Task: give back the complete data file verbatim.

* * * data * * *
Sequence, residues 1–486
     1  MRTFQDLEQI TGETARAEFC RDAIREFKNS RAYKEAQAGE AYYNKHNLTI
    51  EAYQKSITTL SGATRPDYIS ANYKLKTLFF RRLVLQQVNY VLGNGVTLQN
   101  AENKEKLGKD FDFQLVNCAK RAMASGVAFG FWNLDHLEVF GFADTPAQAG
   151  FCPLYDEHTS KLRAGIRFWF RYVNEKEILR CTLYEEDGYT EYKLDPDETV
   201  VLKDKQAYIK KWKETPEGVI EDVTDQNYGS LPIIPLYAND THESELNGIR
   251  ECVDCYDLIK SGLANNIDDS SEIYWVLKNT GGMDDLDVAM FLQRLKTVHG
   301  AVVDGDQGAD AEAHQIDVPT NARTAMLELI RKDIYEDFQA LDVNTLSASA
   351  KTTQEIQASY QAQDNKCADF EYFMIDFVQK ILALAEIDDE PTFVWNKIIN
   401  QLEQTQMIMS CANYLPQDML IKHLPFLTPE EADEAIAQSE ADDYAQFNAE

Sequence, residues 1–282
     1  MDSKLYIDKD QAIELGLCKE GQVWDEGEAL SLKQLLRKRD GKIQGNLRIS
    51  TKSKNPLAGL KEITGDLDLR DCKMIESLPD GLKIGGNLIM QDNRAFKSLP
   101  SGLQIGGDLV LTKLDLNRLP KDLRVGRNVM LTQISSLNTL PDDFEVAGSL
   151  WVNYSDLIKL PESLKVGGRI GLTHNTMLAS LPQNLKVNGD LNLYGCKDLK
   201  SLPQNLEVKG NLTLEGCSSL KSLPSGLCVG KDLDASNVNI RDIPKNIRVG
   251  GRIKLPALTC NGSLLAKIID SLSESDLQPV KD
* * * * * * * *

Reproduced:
Sequence, residues 1–486
     1  MRTFQDLEQI TGETARAEFC RDAIREFKNS RAYKEAQAGE AYYNKHNLTI
    51  EAYQKSITTL SGATRPDYIS ANYKLKTLFF RRLVLQQVNY VLGNGVTLQN
   101  AENKEKLGKD FDFQLVNCAK RAMASGVAFG FWNLDHLEVF GFADTPAQAG
   151  FCPLYDEHTS KLRAGIRFWF RYVNEKEILR CTLYEEDGYT EYKLDPDETV
   201  VLKDKQAYIK KWKETPEGVI EDVTDQNYGS LPIIPLYAND THESELNGIR
   251  ECVDCYDLIK SGLANNIDDS SEIYWVLKNT GGMDDLDVAM FLQRLKTVHG
   301  AVVDGDQGAD AEAHQIDVPT NARTAMLELI RKDIYEDFQA LDVNTLSASA
   351  KTTQEIQASY QAQDNKCADF EYFMIDFVQK ILALAEIDDE PTFVWNKIIN
   401  QLEQTQMIMS CANYLPQDML IKHLPFLTPE EADEAIAQSE ADDYAQFNAE

Sequence, residues 1–282
     1  MDSKLYIDKD QAIELGLCKE GQVWDEGEAL SLKQLLRKRD GKIQGNLRIS
    51  TKSKNPLAGL KEITGDLDLR DCKMIESLPD GLKIGGNLIM QDNRAFKSLP
   101  SGLQIGGDLV LTKLDLNRLP KDLRVGRNVM LTQISSLNTL PDDFEVAGSL
   151  WVNYSDLIKL PESLKVGGRI GLTHNTMLAS LPQNLKVNGD LNLYGCKDLK
   201  SLPQNLEVKG NLTLEGCSSL KSLPSGLCVG KDLDASNVNI RDIPKNIRVG
   251  GRIKLPALTC NGSLLAKIID SLSESDLQPV KD